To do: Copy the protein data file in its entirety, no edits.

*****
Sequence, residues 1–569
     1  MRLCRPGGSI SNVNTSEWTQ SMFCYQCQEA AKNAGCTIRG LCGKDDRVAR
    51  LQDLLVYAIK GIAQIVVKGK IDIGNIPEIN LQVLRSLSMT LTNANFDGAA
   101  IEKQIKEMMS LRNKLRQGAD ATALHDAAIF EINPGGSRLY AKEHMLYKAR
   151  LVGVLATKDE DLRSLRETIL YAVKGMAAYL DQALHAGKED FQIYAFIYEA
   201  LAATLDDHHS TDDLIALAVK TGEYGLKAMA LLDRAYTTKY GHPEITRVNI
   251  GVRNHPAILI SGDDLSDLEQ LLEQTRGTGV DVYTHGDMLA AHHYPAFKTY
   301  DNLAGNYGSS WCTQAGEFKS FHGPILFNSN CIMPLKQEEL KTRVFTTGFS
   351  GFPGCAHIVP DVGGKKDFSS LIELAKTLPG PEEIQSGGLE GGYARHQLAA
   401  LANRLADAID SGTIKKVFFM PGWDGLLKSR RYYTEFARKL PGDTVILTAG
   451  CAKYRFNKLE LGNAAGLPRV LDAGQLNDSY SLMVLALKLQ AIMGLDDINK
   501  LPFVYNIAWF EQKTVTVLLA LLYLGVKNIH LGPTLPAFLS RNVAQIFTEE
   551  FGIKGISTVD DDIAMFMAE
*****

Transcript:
Sequence, residues 1–569
     1  MRLCRPGGSI SNVNTSEWTQ SMFCYQCQEA AKNAGCTIRG LCGKDDRVAR
    51  LQDLLVYAIK GIAQIVVKGK IDIGNIPEIN LQVLRSLSMT LTNANFDGAA
   101  IEKQIKEMMS LRNKLRQGAD ATALHDAAIF EINPGGSRLY AKEHMLYKAR
   151  LVGVLATKDE DLRSLRETIL YAVKGMAAYL DQALHAGKED FQIYAFIYEA
   201  LAATLDDHHS TDDLIALAVK TGEYGLKAMA LLDRAYTTKY GHPEITRVNI
   251  GVRNHPAILI SGDDLSDLEQ LLEQTRGTGV DVYTHGDMLA AHHYPAFKTY
   301  DNLAGNYGSS WCTQAGEFKS FHGPILFNSN CIMPLKQEEL KTRVFTTGFS
   351  GFPGCAHIVP DVGGKKDFSS LIELAKTLPG PEEIQSGGLE GGYARHQLAA
   401  LANRLADAID SGTIKKVFFM PGWDGLLKSR RYYTEFARKL PGDTVILTAG
   451  CAKYRFNKLE LGNAAGLPRV LDAGQLNDSY SLMVLALKLQ AIMGLDDINK
   501  LPFVYNIAWF EQKTVTVLLA LLYLGVKNIH LGPTLPAFLS RNVAQIFTEE
   551  FGIKGISTVD DDIAMFMAE